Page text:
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Open Files with Finder's App Switcher

Say you're in the Finder looking at a file and you want to open it with an application that's already running but which doesn't own that particular document. How? Switch to that app and choose File > Open? Too many steps. Choose Open With from the file's contextual menu? Takes too long, and the app might not be listed. Drag the file to the Dock and drop it onto the app's icon? The icon might be hard to find; worse, you might miss.

In Leopard there's a new solution: use the Command-Tab switcher. Yes, the Command-Tab switcher accepts drag-and-drop! The gesture required is a bit tricky. Start dragging the file in the Finder: move the file, but don't let up on the mouse button. With your other hand, press Command-Tab to summon the switcher, and don't let up on the Command key. Drag the file onto the application's icon in the switcher and let go of the mouse. (Now you can let go of the Command key too.) Extra tip: If you switch to the app beforehand, its icon in the Command-Tab switcher will be easy to find; it will be first (or second).

Visit Take Control of Customizing Leopard

 

 

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Mac OS X 10.3.9 Update Released

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Mac OS X 10.3.9 Update Released -- Apple has released Mac OS X 10.3.9 Update, which is almost certainly the last numbered release for Panther. With Mac OS X 10.4 Tiger due to ship 29-Apr-05 (details later in this issue), any new Panther releases will be specific application or security fixes (as was true for Jaguar). This update includes fixes for a lot of fiddly problems that must have been weighing on Apple so they could close the book on continuing engineering (three of the upgrade notes relate to Stickies, for crying out loud). However, a few important nuggets are included: for example, erratic trackpad behavior on some PowerBooks has been fixed, as well as some possible kernel panics when waking a PowerBook G4 from sleep and a number of security fixes to the kernel.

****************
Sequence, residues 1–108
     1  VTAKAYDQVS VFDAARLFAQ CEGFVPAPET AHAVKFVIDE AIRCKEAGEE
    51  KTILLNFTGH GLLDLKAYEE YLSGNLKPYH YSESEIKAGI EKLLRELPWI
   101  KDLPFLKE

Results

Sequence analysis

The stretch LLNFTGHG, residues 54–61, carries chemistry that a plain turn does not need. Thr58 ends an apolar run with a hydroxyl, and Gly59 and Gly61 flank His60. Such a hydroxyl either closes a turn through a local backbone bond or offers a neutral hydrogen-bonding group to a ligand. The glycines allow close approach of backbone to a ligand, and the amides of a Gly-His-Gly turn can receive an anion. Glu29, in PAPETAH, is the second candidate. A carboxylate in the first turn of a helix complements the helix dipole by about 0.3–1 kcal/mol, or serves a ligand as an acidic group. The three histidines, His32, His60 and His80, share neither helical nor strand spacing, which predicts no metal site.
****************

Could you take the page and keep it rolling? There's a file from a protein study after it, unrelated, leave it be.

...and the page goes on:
<http://www.apple.com/support/downloads/ macosxupdate1039.html>
<http://www.apple.com/support/downloads/ macosxcombinedupdate1039.html>
<http://www.apple.com/support/downloads/ macosxserverupdate1039.html>
<http://www.apple.com/support/downloads/ macosxserverupdate1039combo.html>

The update is available as a huge 51 MB download for users upgrading from Mac OS X 10.3.8. The Combo Installer, which works for all previous 10.3 releases, is a whopping 143 MB. Mac OS X Server 10.3.9 was also released at 63 MB (upgrade) and 117 MB (combo). I must chide Apple for never considering since the release of Mac OS X 10.0 how average dial-up users, still the majority of all Internet users in the U.S., are supposed to cope with these massive downloads. [GF]

 

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